There’s a problem facing a lot of parents out there who don’t realize the risks to their children’s teeth. It’s called Nursing Bottle Syndrome, or NBS, and it can completely devastate your child’s teeth as early as the age of two or three.

NBS is caused by the formula, juice, and milk that you’re putting in your child’s bottle. Once you’ve weaned them off of breastfeeding or early formula they can be given their bottle directly, which is a common step in their development. But it’s what’s in that bottle that could be so dangerous.

We see children of all ages at Edgewood Dental Care, and one thing we never want to see is a young child with a destroyed smile. Regular family dental care at our office can do a lot to protect your child’s smile, but that isn’t all you need to consider: it’s the safety of home habits too.

Nursing Bottle Syndrome: What Is It?
A lot of the stuff you put in your child’s bottle is designed to be healthy and helpful, right? Yes, but that doesn’t always mean they’re getting the bad along with the good. We’re talking about sugar.

A lot of the formula, milk, and juice that your child is getting contains added sugar, and over time that can cause serious oral health problems. The cavities your child gets early can even contribute to problems later in life!

When you give your child a bottle there’s a good possibility they’re going to hang onto it for a while, and that’s where the biggest problem comes in. Prolonged exposure to drinks that contain sugar increase the likelihood that cavities develop. The potential for cavities to form is even greater if your child falls asleep with their bottle – remnants of their drink stay in their mouth for longer, creating worse acid attacks.

It’s not uncommon to see children with NBS have teeth decayed down to the gumline. Baby teeth are sensitive and can decay at an alarming rate, making NBS a serious risk for parents who don’t keep an eye on their child’s bottle habit.

Early Childhood Decay: How Serious Can It Be?
NBS-related cavities generally form before the age of five, and can often cost your child one or more teeth. But those teeth are just going to fall out anyways, right? How bad can a baby tooth cavity be? The unfortunate answer isn’t what you might think: they’re serious.

Like we mentioned, cavities in baby teeth can often cause loss of the tooth. When baby teeth are lost prematurely your child is likely to have trouble when their adult teeth start to erupt. Each individual baby tooth is reserving space for its successor, and if it’s lost early that space simply won’t hold!

Children who deal with premature tooth loss are more likely to need braces, have future dental problems, and face a life of constant battling against cavities and gum disease. It’s important to make sure that oral health is emphasized as early as possible, that means as soon as your child gets that first tooth!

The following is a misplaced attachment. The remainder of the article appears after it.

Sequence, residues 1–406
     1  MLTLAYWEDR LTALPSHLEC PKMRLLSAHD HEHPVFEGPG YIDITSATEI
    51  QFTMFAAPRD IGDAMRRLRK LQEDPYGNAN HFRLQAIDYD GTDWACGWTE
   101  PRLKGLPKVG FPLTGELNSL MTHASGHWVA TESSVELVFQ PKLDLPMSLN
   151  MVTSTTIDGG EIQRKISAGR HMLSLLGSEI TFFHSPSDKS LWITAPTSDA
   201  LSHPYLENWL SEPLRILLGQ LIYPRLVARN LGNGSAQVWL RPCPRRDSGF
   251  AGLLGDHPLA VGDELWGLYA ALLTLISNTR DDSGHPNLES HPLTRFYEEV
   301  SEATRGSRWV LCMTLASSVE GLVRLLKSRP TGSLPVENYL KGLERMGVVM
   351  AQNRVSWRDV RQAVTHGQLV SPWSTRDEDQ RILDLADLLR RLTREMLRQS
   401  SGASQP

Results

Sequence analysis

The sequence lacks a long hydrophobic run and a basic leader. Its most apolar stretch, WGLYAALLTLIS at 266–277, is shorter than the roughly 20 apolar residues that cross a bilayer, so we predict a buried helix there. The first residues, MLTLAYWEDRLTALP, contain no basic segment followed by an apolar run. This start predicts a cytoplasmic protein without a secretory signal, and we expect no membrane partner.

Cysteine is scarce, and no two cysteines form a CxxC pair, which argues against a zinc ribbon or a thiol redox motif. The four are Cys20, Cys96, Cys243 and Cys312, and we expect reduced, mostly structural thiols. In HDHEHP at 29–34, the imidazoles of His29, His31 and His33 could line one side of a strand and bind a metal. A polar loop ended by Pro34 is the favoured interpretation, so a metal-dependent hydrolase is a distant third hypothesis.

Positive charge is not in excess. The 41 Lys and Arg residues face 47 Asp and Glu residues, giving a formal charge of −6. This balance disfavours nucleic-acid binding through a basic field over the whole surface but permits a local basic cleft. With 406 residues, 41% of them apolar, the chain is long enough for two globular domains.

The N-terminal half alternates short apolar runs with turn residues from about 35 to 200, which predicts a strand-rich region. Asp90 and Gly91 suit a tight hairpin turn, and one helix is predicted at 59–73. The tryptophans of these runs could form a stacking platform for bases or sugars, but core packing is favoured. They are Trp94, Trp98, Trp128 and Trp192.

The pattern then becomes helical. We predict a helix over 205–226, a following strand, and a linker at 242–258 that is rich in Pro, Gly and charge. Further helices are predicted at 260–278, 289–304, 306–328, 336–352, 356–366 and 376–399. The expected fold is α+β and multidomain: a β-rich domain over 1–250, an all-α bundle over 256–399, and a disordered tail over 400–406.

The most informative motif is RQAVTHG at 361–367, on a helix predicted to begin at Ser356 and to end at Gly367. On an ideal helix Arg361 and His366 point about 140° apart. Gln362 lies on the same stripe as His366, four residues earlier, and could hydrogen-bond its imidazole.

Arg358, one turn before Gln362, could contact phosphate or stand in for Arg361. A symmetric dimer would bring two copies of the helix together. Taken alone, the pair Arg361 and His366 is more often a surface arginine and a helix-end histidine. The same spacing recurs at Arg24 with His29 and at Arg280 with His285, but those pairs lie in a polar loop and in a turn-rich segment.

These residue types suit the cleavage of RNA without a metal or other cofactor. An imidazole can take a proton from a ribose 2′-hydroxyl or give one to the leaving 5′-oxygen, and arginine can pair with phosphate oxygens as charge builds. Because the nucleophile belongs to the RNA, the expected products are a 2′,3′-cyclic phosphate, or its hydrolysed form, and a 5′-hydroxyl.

Preventing Nursing Bottle Syndrome
“How in the world can I stop this?” It’s a common question we get from parents who we talk to about the risks of NBS. After all, what parent in the world would want to let their child fall to harm when it could easily be prevented?

There are some simple things you can do to help prevent NBS, many of which won’t cost you any extra effort at all.

  • Begin weaning your child off their bottle as early as 12 months. At this point they can start transitioning to a “sippy cup” or other similar device. Bottles are the problem here because they encourage prolonged contact with sugary liquids.
  • Start caring for your child’s teeth as soon as they erupt. They won’t be able to brush them on their own but they can learn some good habits from seeing you do it!
  • Don’t let your child walk around with a milk, formula, or juice bottle for more than 20 minutes. After that sub it out for nothing or water.
  • Children eat on a pretty regular schedule, and they don’t need to get anything besides water between meals. If they desperately want a bottle to drink give them one with water in it – they need to stay hydrated just as much as you do, and water is great for their oral health.
  • Schedule dental appointments as soon as the first tooth erupts, and be sure to keep your child on a regular dental schedule. Continued care is the only way to recognize decay before it becomes serious!

You Can Prevent Early Cavities!
Getting regular care at our Edgewood dentist office is just one of the keys to your child’s healthy mouth, but it’s an essential one. Make an appointment today by calling us at 859-474-7830 or by filling out our online appointment request form. We look forward to seeing you and your family soon!